he Jolly, humorous and free nature of Bishop Mathew Remigio Adam will attract you to him effortlessly. It is even more humbling if you are told he is a Bishop. These qualities are so visible on first sight. As I had an opportunity to be close to the Bishop, I was taken aback and wished he could send me to make him a cup of coffee. Unfortunately, we were all visitors in Kotido to witness the consecration of the Bishop of Kotido. In the end, we managed to receive the episcopal blessing.
Bishop Remigio was ordained Bishop of Wau, South Sudan on January 24th 2021. The Diocese of Wau is made up of three states; the Western and Northern Bahr el-Ghazal and the administration area of Abei, consisting of 23 Parishes. The diocese of 23 Parishes has only 60 Priests but Bishop Remigo has mastered the art of working together with the Priests. The Bishop says, his biggest challenge is limited human resource.
“The diocese of Wau is very vast, to meet the needs of the faithfuls is a big challenge, priests are few and they are not able to cover the whole diocese,” commented the Bishop.
The diocese also has a challenge of reconstruction because many Parishes were affected by the civil war in South Sudan which caused a lot of destruction. Bishop Mathew added that 10 Parishes had been destroyed and reconstructing them is a big challenge.
Challenges have always been part of his mission experience. He noted that before he was appointed Bishop, he was working as Vicar General in Khartoum. His responsibility among other things was to see that the missionaries come to Sudan, which was so tasking but he had to be polite to the government so that the missionaries could be allowed in.
He remembers one time after South Sudan became independent. He was summoned by the Khartoum government to answer why he was still holding a big post in North Sudan and not return to South Sudan.
Bishop Remigo noted that the four years as the Vicar General were tough for him but it was a time that offered him the opportunity for immense learning. He is grateful to Archbishop Emeritus, Gabriel Cardinal Zubail Wako of Khartoum for always being there when he needed him.
When beginning his vocation, he did not expect to find all these Challenges. All he thought was that as a priest, he would celebrate Mass, visit the sick and help people.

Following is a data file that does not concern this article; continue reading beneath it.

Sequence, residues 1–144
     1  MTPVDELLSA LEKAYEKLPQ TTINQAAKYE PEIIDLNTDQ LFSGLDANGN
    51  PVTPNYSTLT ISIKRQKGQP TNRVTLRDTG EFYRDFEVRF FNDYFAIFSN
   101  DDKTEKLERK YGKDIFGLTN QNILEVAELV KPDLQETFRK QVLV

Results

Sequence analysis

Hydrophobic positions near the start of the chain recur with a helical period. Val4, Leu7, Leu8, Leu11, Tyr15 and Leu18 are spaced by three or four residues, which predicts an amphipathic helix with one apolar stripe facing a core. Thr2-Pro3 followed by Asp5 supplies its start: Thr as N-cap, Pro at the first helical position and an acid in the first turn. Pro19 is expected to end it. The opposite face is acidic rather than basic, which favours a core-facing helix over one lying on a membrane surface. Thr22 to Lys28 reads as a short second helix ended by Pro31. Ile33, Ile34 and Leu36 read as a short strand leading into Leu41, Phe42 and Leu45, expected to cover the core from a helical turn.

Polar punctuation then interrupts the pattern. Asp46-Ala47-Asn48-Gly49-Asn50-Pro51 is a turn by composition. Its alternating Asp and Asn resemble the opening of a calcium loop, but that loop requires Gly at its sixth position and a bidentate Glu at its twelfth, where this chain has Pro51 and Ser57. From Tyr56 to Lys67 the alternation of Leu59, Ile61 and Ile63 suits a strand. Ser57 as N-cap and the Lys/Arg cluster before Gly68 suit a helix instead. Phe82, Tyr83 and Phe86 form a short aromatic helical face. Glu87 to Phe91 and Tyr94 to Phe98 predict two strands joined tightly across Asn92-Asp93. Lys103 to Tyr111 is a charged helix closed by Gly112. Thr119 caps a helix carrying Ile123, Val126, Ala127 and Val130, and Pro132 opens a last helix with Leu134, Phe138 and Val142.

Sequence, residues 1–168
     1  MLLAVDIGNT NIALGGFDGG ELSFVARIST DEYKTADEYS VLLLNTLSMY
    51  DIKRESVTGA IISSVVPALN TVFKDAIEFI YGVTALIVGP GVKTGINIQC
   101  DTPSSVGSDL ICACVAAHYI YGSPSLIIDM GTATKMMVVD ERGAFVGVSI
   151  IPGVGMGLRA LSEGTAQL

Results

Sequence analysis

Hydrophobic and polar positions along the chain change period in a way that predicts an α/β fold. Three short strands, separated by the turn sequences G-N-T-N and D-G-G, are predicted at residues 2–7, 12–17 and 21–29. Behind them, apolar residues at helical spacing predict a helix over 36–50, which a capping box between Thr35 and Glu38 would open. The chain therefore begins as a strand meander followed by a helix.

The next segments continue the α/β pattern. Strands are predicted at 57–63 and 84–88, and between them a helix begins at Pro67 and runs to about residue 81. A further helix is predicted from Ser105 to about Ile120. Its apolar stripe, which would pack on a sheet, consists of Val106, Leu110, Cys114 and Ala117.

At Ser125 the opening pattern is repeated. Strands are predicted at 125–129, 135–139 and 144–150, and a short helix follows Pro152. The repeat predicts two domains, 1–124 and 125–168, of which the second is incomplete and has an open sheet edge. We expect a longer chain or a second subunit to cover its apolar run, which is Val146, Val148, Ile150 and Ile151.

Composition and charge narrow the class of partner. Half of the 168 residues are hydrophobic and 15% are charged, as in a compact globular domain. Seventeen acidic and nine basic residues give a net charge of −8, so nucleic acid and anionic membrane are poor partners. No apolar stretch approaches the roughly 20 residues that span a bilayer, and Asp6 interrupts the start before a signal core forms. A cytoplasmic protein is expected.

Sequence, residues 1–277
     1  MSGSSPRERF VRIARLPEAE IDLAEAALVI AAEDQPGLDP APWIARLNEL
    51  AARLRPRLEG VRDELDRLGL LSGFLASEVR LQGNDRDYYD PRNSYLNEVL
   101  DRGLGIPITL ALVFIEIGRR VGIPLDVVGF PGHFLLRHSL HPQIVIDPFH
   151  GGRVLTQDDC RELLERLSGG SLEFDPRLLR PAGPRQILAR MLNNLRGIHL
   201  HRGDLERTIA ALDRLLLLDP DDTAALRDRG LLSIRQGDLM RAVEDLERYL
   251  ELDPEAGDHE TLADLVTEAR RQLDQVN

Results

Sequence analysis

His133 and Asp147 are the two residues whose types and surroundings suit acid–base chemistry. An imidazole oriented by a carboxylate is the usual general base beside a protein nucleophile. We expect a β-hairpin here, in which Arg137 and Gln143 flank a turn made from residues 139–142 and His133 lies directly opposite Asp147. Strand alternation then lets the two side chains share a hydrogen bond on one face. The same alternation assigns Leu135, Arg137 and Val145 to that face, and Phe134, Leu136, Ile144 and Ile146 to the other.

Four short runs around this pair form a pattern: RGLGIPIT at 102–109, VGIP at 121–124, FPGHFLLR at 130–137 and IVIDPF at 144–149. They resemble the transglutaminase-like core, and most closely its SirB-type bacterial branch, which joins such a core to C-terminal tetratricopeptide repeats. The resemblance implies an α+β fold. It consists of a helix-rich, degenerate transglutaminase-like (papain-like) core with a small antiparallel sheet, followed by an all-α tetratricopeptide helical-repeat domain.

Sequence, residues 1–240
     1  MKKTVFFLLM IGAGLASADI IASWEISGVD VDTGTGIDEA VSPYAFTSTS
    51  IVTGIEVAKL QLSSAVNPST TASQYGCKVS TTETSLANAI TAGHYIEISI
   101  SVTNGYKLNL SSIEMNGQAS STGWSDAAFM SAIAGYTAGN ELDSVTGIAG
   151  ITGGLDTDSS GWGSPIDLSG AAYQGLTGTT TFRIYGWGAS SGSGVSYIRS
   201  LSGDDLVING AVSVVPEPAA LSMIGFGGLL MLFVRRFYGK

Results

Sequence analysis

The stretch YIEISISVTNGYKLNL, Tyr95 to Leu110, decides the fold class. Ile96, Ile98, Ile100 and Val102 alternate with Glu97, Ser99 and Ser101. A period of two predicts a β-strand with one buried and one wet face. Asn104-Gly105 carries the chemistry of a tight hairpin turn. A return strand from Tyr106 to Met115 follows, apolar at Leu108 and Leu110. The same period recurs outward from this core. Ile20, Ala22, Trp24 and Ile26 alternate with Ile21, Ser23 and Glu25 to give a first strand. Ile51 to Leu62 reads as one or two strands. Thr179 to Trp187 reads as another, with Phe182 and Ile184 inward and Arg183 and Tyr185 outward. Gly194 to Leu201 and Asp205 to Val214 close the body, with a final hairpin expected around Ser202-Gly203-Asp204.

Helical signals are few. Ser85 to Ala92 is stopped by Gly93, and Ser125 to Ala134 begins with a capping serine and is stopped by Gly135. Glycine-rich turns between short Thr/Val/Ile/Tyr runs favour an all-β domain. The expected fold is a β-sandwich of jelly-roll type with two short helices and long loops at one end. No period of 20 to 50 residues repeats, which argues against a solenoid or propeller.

His dream to become a priest was sealed the moment his father told the priest that he wanted his son to become a priest. He later picked interest and decided to join the altar servers. He however became one of them thinking that they were being trained to become priests.
When he was an altar server, he was told they were not training them to become priests but he got more information on how one would become a priest. That was the time he met Fr Mario Imperiale (R.I.P), a Comboni Missionary priest who later became his spiritual father and a role model. Fr Mario would take the legion of Mary, which he was a member of to visit the sick, something he enjoyed so much. One day, he decided he wanted to become a priest so that he can visit the sick fully. He already had information about the Comboni Missionaries.
In 1989, after he had completed his secondary school, he worked briefly in a milk company then later in 1994, he joined the Comboni missionary Postulancy in Khartoum. During his postulancy for his apostolate, he worked with the Shiluk in Malakal, a totally new language and culture for him. In 1997, he was sent to Namugongo Novitiate in Uganda, with his experience in Kasala Luwero and Kyamuhunga in Western Uganda.
In 1999, Bishop Remigio said his first vow at Our Lady of Africa, Mbuya. He was then sent to Peru to study theology on November 20th 2003, he was ordained Deacon and on Oct 03th 2004, ordained priest by Bishop of Wau, Bishop Emeritus, Rudolf Deng, his predecessor.
He was then sent to Khartoum as Curate in the Parish of Masalama for four years. In 2008, he was sent to the Gregorian University to study Spiritual theology in the field of formation.
He then worked as a vocation promoter in 2010 and Spiritual Director at St Paul Major Seminary in 2011. In 2012, he was appointed the Vicar General in the diocese of Khartoum until 2017; all this while he had been working for the diocese of Khartoum. In 2017, he received his first assignment from the Superior General of his Congregation, the Comboni Missionaries to work as a formator in Nairobi, a place he worked in until November 18th 2020 when he was appointed Bishop of Wau Diocese by the Holy See.